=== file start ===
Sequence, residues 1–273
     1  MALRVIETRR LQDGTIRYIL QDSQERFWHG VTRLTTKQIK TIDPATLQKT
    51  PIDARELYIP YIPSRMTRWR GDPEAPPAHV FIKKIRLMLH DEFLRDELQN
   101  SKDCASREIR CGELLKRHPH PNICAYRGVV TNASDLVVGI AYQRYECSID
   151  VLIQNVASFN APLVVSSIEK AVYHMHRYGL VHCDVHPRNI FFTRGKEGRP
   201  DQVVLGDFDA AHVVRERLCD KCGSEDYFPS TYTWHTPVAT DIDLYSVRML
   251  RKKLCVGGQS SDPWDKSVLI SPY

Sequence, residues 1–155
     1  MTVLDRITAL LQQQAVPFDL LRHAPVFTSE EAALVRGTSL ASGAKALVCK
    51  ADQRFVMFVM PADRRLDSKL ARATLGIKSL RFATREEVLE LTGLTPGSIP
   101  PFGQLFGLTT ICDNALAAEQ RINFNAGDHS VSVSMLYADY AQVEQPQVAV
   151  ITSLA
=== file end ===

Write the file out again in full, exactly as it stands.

Sequence, residues 1–273
     1  MALRVIETRR LQDGTIRYIL QDSQERFWHG VTRLTTKQIK TIDPATLQKT
    51  PIDARELYIP YIPSRMTRWR GDPEAPPAHV FIKKIRLMLH DEFLRDELQN
   101  SKDCASREIR CGELLKRHPH PNICAYRGVV TNASDLVVGI AYQRYECSID
   151  VLIQNVASFN APLVVSSIEK AVYHMHRYGL VHCDVHPRNI FFTRGKEGRP
   201  DQVVLGDFDA AHVVRERLCD KCGSEDYFPS TYTWHTPVAT DIDLYSVRML
   251  RKKLCVGGQS SDPWDKSVLI SPY

Sequence, residues 1–155
     1  MTVLDRITAL LQQQAVPFDL LRHAPVFTSE EAALVRGTSL ASGAKALVCK
    51  ADQRFVMFVM PADRRLDSKL ARATLGIKSL RFATREEVLE LTGLTPGSIP
   101  PFGQLFGLTT ICDNALAAEQ RINFNAGDHS VSVSMLYADY AQVEQPQVAV
   151  ITSLA